Photography Chris Jackson / Getty Images

Our cameraman starts filming me walking in the airport, but apparently there’s no cameras allowed in the airport. This is how this whole thing started—now we’re causing a scene. I’m on my way out the door and a police officer stops the cameraman first. They’re real mean. He’s like, “No cameras in the airport! Delete the pictures!” He made our cameraman delete all the pictures right there on the spot. After he did that, I was like, Damn, he’s gonna do something. Like, Shit, man, we got him riled up.

We keep walking, but the officer ran to catch up to us. He stopped me and he’s like, “Who are you?” Because the camera was on me. I tell him I do music and that I just came here to do a show at the Grand Prix. He’s like, Lemme see your passport. Then he wants to see everyone’s, but it’s just me and and my manager. Everyone else had went ahead.

Then he was like, “I wanna check all these bags. Who these bags with? You? I wanna check every single one.” There’s no point of separating them, because now you’re searching six people instead of just one person. So I said, “Yeah, they’re my bags.” But I’m thinking, like, this man really wanna check these? He really wants to hand check 40 bags? He crazy!

So he’s checking the bags so long, his coworkers are coming over like, “Man, would you leave these people alone, because you had this man standing here for an hour and you still haven’t found anything. Why don’t you just wrap it up and let it go.” Meanwhile, it’s like when you in high school and you going to the principal’s office and you trying to think, like, Did I do anything in class? And eventually I’m like, I should be cool, he’s just turnt up.

So, okay. He finally found like, this fairy dust particle of weed in my backpack. They’re trying to get like a magnifying glass and—I’m for real—they’re like, arguing if it’s green or brown. They’re tearing the luggage apart like I got kilos of cocaine or something, ripping the bags apart looking for extra compartments and shit. The officer gets down to the last two bags, and that’s when he finds a bag with some weed in it. It was a good little amount, probably 15 grams or something like that.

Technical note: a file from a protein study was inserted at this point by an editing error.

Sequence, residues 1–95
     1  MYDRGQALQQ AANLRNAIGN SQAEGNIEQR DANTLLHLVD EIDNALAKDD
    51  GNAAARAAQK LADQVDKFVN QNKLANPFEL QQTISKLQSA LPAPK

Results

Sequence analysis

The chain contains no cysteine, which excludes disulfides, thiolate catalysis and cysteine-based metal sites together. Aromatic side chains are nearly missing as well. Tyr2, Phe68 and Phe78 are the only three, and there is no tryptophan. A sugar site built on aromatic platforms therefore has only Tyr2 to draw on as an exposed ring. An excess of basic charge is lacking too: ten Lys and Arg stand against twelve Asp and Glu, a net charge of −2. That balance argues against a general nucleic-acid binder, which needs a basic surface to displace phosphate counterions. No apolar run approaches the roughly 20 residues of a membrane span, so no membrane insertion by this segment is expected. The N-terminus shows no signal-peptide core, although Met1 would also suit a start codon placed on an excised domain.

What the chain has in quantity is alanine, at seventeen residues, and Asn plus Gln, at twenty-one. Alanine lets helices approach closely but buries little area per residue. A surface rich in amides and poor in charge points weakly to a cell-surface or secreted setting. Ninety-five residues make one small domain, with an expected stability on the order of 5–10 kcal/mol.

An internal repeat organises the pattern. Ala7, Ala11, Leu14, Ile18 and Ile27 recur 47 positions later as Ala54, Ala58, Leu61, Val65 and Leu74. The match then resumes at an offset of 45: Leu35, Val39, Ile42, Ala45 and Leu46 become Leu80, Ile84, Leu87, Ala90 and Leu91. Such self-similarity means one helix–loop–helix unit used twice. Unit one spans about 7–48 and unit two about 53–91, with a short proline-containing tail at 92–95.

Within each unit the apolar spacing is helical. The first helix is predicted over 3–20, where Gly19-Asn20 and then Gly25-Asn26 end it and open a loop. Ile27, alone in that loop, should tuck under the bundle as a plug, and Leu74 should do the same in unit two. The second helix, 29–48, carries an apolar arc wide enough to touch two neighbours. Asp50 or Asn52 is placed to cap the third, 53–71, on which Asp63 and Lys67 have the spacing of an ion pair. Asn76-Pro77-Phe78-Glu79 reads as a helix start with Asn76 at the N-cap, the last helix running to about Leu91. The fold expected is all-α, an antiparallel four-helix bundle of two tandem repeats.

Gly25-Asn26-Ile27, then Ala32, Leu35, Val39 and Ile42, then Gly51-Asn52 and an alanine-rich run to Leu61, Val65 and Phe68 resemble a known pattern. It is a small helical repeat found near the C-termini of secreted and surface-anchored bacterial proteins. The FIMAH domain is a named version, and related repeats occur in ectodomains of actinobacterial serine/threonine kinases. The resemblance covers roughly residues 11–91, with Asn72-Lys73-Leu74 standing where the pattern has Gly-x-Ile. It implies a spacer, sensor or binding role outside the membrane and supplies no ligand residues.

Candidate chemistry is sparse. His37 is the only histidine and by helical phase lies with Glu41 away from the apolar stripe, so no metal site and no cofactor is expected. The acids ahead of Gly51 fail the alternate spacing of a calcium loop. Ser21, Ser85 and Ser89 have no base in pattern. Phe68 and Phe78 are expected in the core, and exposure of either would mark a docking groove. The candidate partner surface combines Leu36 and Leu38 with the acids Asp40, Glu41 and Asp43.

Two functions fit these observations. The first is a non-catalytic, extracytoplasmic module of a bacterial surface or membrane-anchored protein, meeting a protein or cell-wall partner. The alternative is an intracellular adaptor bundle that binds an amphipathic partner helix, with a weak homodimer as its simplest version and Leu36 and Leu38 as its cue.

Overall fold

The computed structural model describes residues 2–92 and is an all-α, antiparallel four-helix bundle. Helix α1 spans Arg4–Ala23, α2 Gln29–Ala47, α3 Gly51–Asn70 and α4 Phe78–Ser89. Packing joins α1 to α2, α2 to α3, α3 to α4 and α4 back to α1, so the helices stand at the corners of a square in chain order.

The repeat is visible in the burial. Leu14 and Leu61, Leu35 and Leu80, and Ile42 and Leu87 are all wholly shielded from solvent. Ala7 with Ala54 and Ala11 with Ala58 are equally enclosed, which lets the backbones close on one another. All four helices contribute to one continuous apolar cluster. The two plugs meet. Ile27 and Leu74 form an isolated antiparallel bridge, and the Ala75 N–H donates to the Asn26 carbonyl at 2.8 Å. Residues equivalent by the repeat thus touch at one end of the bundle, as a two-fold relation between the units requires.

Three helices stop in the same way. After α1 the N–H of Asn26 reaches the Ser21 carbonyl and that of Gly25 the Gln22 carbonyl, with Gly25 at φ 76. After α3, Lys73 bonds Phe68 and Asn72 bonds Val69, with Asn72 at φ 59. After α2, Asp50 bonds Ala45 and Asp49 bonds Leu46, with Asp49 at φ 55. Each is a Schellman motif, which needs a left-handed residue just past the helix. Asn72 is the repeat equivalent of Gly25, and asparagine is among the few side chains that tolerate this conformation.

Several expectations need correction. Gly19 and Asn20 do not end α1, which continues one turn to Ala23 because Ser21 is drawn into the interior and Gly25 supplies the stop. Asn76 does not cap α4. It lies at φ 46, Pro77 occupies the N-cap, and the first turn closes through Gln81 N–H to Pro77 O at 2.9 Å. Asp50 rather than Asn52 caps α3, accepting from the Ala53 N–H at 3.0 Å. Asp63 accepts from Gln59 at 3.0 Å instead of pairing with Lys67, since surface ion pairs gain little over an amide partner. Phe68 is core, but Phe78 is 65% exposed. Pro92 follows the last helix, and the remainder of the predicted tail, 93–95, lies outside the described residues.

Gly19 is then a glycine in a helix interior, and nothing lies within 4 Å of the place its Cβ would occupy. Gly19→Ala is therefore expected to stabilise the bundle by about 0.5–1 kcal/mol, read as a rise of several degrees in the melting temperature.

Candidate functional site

At this point I’m thinking, first of all, What the fuck? I didn’t know the weed was there. And second, I didn’t know what the hell they was gonna do. Cause once they seen some weed they went crazy. You would have thought I had a bomb and there was ten seconds left and the world is about to end if they didn’t get every officer up there. But I’m not scared yet, because I’m still thinking that worst case scenario, they’re just gonna send me back on the plane. Okay, I can’t come. It’s the last show anyways, and I don’t really want to go through all these interrogations. Do what you want to do with the weed, and send me back next flight. So I’m still relaxed at this point. Little did I know, I was gonna be in that motherfucker for 56 days.

They don’t tell you you’re not going home. They’re trying to see if I’ve been to Dubai, to see if I’m trying to sell this. I don’t know nobody in no Dubai. I’m like, “It’s for me! It’s for nobody else. We do music, I didn’t come to Dubai to sell weed.” This is when I’m learning, okay they have zero tolerance for this. Period. They’re really acting like this is the biggest drug in the world. And that’s when I was like, Okay, this might be serious.

Photography Haider Shah / AFP / Getty Images

“There’s no judge, no jury. They assign you to a prosecutor, and the prosecutor can just do what he wants.”